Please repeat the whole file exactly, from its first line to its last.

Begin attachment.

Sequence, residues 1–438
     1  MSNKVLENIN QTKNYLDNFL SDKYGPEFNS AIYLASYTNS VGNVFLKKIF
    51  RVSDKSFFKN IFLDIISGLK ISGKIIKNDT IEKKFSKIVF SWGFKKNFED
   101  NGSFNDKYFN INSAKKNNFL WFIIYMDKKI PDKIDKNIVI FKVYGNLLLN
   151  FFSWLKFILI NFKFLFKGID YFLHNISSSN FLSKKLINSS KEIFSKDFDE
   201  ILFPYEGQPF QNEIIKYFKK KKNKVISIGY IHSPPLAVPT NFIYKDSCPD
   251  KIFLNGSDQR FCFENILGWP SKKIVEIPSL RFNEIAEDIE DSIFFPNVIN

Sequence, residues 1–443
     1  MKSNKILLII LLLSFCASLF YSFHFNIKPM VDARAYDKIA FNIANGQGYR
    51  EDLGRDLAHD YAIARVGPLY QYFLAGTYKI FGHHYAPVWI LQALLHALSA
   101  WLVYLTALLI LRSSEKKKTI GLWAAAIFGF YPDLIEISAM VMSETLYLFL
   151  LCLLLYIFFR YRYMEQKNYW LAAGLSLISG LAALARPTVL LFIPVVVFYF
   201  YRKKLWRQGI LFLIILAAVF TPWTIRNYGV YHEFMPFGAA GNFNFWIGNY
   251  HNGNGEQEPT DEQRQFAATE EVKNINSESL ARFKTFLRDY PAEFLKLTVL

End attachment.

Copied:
Sequence, residues 1–438
     1  MSNKVLENIN QTKNYLDNFL SDKYGPEFNS AIYLASYTNS VGNVFLKKIF
    51  RVSDKSFFKN IFLDIISGLK ISGKIIKNDT IEKKFSKIVF SWGFKKNFED
   101  NGSFNDKYFN INSAKKNNFL WFIIYMDKKI PDKIDKNIVI FKVYGNLLLN
   151  FFSWLKFILI NFKFLFKGID YFLHNISSSN FLSKKLINSS KEIFSKDFDE
   201  ILFPYEGQPF QNEIIKYFKK KKNKVISIGY IHSPPLAVPT NFIYKDSCPD
   251  KIFLNGSDQR FCFENILGWP SKKIVEIPSL RFNEIAEDIE DSIFFPNVIN

Sequence, residues 1–443
     1  MKSNKILLII LLLSFCASLF YSFHFNIKPM VDARAYDKIA FNIANGQGYR
    51  EDLGRDLAHD YAIARVGPLY QYFLAGTYKI FGHHYAPVWI LQALLHALSA
   101  WLVYLTALLI LRSSEKKKTI GLWAAAIFGF YPDLIEISAM VMSETLYLFL
   151  LCLLLYIFFR YRYMEQKNYW LAAGLSLISG LAALARPTVL LFIPVVVFYF
   201  YRKKLWRQGI LFLIILAAVF TPWTIRNYGV YHEFMPFGAA GNFNFWIGNY
   251  HNGNGEQEPT DEQRQFAATE EVKNINSESL ARFKTFLRDY PAEFLKLTVL